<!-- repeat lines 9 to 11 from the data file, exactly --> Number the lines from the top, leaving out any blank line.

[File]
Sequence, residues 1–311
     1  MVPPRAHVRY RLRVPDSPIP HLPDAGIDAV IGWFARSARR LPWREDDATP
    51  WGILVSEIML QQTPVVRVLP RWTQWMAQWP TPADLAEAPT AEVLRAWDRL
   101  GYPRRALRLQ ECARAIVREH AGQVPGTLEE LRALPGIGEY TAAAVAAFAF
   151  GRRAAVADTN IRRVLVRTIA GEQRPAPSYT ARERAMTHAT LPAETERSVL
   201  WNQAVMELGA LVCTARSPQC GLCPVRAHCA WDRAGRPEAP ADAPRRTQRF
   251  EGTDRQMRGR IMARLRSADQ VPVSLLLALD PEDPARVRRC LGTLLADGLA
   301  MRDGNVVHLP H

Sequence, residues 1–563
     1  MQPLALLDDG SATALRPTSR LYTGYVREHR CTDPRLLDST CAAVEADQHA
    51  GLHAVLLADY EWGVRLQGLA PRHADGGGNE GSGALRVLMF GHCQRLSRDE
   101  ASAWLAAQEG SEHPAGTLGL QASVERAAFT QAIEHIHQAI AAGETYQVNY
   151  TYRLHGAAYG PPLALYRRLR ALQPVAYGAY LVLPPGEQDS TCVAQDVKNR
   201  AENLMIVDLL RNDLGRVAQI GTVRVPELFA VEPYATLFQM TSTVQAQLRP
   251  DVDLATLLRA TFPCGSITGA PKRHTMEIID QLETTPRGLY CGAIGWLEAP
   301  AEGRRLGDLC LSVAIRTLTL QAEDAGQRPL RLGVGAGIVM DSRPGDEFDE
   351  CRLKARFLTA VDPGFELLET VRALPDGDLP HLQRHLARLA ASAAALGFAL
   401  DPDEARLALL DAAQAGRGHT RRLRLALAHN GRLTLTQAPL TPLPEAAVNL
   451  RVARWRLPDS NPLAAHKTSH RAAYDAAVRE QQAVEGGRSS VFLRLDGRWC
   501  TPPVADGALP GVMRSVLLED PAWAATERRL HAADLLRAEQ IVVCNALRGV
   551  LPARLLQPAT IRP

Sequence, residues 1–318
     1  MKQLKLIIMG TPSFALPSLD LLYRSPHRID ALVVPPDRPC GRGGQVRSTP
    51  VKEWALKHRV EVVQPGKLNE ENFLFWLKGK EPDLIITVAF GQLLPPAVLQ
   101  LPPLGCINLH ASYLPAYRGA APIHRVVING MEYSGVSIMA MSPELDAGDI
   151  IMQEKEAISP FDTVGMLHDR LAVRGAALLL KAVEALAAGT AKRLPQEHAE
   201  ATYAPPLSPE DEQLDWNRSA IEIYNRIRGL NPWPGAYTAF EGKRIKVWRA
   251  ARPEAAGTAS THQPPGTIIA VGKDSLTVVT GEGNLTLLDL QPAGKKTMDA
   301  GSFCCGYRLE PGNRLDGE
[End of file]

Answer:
Sequence, residues 1–563
     1  MQPLALLDDG SATALRPTSR LYTGYVREHR CTDPRLLDST CAAVEADQHA
    51  GLHAVLLADY EWGVRLQGLA PRHADGGGNE GSGALRVLMF GHCQRLSRDE